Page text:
This chapter provides a main argument for why business schools may be facing needs to fundamentally change perhaps more today than before. “New” pedagogy is available to make effective change happen, above all, so-called blended learning. But indeed several factors seem to slow down business schools’ capabilities and willingness to change, including a typically too strong focus on achieving favorable so-called ranking. It is the changing need of business itself, the key “customer”, that provides the main inputs for change, and the chapter concludes with a discussion of 10 such factors.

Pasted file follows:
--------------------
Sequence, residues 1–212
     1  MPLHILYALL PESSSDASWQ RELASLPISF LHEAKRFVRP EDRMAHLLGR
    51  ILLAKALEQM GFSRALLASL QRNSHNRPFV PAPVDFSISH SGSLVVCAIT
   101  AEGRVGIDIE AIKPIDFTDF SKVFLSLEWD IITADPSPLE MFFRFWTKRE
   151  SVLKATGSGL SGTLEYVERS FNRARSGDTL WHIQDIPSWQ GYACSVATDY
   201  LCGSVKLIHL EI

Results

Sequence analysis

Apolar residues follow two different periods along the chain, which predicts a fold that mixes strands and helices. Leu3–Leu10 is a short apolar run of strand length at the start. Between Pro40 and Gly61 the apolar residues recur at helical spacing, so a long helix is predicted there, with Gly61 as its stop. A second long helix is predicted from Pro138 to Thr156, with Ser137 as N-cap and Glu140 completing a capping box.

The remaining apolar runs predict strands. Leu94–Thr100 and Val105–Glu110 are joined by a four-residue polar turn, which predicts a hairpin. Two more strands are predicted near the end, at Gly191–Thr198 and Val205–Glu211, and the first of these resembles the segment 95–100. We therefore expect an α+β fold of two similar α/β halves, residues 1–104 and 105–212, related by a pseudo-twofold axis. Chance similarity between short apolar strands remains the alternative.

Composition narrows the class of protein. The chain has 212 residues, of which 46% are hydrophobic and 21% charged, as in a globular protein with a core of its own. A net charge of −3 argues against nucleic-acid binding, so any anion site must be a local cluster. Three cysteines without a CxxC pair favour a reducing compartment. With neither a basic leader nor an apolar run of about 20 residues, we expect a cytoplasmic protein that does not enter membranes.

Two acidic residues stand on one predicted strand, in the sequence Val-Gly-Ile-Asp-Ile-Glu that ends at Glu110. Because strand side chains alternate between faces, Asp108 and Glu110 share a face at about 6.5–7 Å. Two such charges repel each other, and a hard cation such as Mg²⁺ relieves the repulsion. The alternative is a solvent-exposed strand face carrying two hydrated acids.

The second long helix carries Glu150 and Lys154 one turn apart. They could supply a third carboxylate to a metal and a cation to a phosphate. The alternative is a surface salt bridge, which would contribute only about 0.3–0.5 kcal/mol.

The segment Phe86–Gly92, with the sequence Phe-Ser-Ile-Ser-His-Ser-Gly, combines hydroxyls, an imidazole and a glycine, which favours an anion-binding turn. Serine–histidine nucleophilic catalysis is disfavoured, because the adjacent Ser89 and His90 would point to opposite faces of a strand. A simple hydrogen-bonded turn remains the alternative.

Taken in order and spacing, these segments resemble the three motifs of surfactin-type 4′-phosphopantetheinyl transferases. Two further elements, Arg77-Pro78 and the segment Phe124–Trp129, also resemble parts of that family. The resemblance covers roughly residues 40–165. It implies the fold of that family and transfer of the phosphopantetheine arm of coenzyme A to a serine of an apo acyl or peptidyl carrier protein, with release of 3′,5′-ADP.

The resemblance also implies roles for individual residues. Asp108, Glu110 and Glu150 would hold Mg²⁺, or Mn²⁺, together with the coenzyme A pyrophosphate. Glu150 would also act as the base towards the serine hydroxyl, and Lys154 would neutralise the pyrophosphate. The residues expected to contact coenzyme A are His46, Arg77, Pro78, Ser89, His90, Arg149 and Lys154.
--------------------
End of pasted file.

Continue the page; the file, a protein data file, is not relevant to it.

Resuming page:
This chapter enlarges the boundary of racial justice by considering sexual racism as another form of private racism. Here too racial discrimination affects our private lives. This kind of discrimination concerns perhaps the most private of opportunities. It too is wrong, or so this chapter argues. I show that racism makes it more difficult for those who are not white to find intimacy, where intimacy is the opportunity to be in a romantic or sexual relationship. This chapter shows that racial discrimination, stereotypes, and intersectionality happen in our intimate lives, what I call “sexual racism.” Websites and platforms that steer its users to discriminate on the basis of race facilitate sexual racism. Because they are public accommodations, we should prohibit them from doing so. This is one way to address racism in our intimate lives.